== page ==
Today, the Biden Harris Administration offered support for the World Health Organization (WHO) announcement that it is renaming monkeypox disease to mpox.
“We welcome the change by the World Health Organization. We must do all we can to break down barriers to public health, and reducing stigma associated with disease is one critical step in our work to end mpox,” said U.S. Department of Health and Human Services (HHS) Secretary Xavier Becerra.
The WHO is the international body responsible for naming diseases. Leaders in the U.S. have been engaging with stakeholders on a regular basis regarding our shared concerns and have been in close communication with counterparts at the WHO expressing support of an urgent process to change the name and propose a way forward with a new name.
In response to today’s action by the WHO, federal public health agencies will adopt the mpox name in correspondence with the medical community and American public from this point forward. This change from the WHO can help enhance the U.S. response to mpox by using a term that does not conjure bias or stigma and will aid efforts to reach the most impacted communities with a term for the disease that doesn’t act to marginalize individuals from accessing the care, resources, and support they need to protect themselves and others.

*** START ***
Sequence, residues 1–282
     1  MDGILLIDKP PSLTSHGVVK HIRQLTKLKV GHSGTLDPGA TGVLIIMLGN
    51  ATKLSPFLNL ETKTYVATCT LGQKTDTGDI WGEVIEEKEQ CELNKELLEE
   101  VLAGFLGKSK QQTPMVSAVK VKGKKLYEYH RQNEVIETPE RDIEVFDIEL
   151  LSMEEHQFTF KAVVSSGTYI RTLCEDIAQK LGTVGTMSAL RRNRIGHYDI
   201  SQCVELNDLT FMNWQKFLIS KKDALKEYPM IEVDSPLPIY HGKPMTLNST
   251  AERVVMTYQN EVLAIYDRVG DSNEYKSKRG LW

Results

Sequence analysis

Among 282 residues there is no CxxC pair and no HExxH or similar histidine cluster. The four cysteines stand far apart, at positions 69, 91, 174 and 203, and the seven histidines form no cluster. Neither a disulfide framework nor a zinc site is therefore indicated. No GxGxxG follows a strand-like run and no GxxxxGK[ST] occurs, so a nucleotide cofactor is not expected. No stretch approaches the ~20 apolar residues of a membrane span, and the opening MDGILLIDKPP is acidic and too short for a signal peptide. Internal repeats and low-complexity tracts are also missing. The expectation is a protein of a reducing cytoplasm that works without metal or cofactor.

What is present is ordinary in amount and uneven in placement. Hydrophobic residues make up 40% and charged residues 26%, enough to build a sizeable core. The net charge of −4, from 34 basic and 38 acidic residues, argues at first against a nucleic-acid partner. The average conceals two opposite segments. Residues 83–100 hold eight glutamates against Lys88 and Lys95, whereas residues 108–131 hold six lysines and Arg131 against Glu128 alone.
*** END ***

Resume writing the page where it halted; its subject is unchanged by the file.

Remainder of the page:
Human monkeypox was given its name in 1970, before the publication of WHO’s best practices in naming diseases was published in 2015. According to the WHO’s best practices, new disease names should be given with the aim to minimize unnecessary negative impact of names on trade, travel, tourism or animal welfare, and avoid causing offence to any cultural, social, national, regional, professional or ethnic groups.
Originally published at https://www.hhs.gov/about/news/2022/11/28/biden-harris-administration-supports-the-world-health-organization-renaming-of-monkeypox-to-mpox.html